It’s Friday and that means it’s time to review the latest economic data and identify which pockets of the economy are heating up and which are slowing down. Don’t worry about catching every headline and every report throughout the week—I recap all of the most important news impacting your wealth right here every Friday. Let’s take a look at this week’s big headlines:
In October, wholesale inventories improved 0.4%, outpacing economists’ expectations of a 0.2% rise. This even includes a 1.4% plunge in auto inventories. Excluding automobile stockpiles, core wholesale inventories jumped 0.6%. Driving the increase were electrical goods, machinery, apparel and metals stockpiles. September wholesale inventories were also revised higher to reflect a 0.4% gain, above the previously reported 0.3% increase. This was great news. Between the stronger-than-expected October results and the September revision, some economists are raising their estimates for Q4 GDP.
Initial Claims for Unemployment
For the week ending December 6, first-time jobless claims ticked down 3,000 to a 294,000 annual rate. Economists had predicted that the layoff activity measure would dip to 295,000 so these were slightly better-than-expected results. The four-week moving average rose by 250,000 to a 299,250 annual rate. Persistently low jobless claims, coupled with a rebound in hiring activity, is great news for the jobs market.
In November, retail sales jumped 0.7%, the biggest increase in eight months. Economists were only expecting a 0.4% rise in retail sales, so this was truly a surprise. October retail sales were also revised higher to reflect 0.5% growth, up from 0.3% previously. Even though gas station sales declined 0.8% in November, consumers spending at building material and garden sales rose 1.4%, clothing sales rose 1.2%, and non-store Internet retailers rose 1%. Also notable is that vehicle sales rose 1.7% in November. Consumer spending has accelerated since gasoline prices started to pull back. Clearly, when you put more money in consumers’ pockets, they spend it accordingly. Retail sales are now up 5.1% in the past 12 months, which is still below pre-recession growth of 5.5%. But this is still a very positive report, as it shows that consumers are starting to spend more and that should add nicely to GDP growth in the fourth quarter.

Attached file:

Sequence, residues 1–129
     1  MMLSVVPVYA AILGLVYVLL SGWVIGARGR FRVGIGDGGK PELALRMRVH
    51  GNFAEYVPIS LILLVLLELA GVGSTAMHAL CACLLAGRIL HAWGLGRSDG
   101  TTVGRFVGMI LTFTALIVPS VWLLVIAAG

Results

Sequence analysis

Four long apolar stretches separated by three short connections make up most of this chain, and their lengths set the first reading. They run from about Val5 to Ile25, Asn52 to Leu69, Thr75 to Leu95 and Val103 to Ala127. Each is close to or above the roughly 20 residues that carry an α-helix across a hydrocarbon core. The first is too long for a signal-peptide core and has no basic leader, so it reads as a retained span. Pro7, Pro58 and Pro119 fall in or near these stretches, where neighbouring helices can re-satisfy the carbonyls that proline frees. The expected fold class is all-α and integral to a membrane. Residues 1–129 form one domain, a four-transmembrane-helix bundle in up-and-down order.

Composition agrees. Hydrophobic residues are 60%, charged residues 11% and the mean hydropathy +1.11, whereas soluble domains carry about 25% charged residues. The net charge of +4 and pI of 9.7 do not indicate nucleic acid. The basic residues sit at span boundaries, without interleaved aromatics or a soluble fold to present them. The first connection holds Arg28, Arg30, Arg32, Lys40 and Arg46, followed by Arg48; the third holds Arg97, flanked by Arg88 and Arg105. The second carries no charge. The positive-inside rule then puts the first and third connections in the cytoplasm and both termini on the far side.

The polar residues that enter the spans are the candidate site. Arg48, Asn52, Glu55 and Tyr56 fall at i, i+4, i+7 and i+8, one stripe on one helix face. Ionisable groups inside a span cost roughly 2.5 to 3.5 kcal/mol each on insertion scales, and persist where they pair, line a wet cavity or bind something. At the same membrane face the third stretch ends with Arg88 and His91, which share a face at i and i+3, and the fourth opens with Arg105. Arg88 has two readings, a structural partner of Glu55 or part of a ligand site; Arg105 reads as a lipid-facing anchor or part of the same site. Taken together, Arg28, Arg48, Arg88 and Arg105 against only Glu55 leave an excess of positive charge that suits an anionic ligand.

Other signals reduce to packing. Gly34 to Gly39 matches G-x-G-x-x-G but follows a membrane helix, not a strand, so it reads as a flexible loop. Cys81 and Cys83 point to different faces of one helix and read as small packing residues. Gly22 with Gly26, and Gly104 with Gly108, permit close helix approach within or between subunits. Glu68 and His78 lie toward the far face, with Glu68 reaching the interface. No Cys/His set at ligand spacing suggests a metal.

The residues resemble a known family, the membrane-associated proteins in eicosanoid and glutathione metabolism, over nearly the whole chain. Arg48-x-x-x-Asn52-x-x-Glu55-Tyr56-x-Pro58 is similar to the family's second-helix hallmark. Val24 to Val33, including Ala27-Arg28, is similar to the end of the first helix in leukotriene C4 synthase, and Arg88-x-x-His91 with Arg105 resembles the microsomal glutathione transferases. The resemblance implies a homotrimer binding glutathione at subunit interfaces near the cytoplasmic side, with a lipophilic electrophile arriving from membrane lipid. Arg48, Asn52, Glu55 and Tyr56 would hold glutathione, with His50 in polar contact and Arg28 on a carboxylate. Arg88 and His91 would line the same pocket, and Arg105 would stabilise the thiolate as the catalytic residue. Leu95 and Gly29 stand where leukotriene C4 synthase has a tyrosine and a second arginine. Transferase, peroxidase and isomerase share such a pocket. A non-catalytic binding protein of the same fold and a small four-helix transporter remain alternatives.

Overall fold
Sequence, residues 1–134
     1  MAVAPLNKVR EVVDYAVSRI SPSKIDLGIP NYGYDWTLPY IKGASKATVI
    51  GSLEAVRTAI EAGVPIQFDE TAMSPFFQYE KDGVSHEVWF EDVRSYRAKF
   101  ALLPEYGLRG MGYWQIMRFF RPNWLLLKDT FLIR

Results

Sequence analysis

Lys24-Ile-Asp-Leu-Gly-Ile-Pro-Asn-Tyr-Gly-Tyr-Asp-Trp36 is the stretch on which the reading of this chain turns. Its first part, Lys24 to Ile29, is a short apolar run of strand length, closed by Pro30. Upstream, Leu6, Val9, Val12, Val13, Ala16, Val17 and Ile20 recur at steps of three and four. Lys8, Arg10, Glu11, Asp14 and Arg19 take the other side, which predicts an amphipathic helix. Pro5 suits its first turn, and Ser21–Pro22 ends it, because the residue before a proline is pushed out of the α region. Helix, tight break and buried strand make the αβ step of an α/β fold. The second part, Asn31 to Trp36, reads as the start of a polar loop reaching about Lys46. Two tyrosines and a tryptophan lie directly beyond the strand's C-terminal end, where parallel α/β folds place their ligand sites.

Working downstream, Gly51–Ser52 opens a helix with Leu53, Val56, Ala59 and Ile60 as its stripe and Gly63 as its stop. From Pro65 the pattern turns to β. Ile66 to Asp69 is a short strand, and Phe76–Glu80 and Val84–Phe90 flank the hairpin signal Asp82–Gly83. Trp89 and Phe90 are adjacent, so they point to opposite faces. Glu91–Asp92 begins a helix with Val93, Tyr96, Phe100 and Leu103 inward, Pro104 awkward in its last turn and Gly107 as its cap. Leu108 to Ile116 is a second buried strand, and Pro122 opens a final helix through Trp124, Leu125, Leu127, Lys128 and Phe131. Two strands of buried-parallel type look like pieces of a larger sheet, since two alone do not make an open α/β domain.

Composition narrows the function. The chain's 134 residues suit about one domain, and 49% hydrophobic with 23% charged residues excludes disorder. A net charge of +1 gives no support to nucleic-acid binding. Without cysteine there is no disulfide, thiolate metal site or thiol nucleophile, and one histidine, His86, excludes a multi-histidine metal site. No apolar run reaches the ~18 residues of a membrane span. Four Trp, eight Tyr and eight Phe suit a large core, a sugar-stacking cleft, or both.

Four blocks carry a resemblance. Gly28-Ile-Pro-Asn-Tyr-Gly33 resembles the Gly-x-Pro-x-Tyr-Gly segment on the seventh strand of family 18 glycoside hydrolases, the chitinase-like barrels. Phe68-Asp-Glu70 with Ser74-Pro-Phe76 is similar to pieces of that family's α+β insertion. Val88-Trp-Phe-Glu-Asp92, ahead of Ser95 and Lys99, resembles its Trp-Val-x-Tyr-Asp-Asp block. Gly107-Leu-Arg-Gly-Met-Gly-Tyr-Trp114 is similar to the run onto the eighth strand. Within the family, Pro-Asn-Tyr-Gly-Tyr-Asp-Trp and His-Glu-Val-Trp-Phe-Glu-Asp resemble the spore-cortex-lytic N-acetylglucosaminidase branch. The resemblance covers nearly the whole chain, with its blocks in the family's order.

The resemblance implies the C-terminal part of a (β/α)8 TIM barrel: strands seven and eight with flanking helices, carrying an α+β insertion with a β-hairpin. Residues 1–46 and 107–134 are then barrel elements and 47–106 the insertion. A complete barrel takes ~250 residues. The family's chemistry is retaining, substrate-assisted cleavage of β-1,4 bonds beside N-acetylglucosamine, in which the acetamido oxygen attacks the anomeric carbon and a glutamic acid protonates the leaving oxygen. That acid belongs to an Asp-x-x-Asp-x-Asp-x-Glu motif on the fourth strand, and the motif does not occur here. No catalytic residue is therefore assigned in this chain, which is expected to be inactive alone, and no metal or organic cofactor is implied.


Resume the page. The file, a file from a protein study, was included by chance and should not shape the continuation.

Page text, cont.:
In October, business inventories increased 0.2%, which was right in line with economists’ expectations. Retail inventories, which exclude automobiles, rose 0.3%. At the same time, business sales dipped 0.1% in October. Manufacturers saw sales decline 0.8%, retailers reported a 0.4% increase and wholesalers posted a 0.2% gain. And at the current sales pace, it will take 1.30 months for businesses to empty their shelves, the same rate as September. While these results weren’t quite as strong as the wholesale inventories report, they were still solid. And over the past twelve months business inventories have increased 4.8% while business sales have improved 3.4%. So there is clear progress over the long run.
Producer Price Index (PPI)
In November, the Producer Price Index (PPI) declined 0.2%. This was a slightly steeper drop than expected; economists were expecting a 0.1% dip. Wholesale energy prices fell 3% while the wholesale cost of goods declined by 0.7% (representing the biggest monthly drop in wholesale goods since April 2013). Excluding food and energy prices, the core PPI was unchanged, below economists’ expectations of a 0.1% increase. This is the second month in a row that the PPI has declined. No matter how you slice it, deflation is here and will persist as long as commodity and import prices continue to fall due to a strong U.S. dollar.
That’s all I have for you this week. I’ll be in touch with the latest Portfolio Grader changes and Stock of the Day on Monday.
Have a great weekend,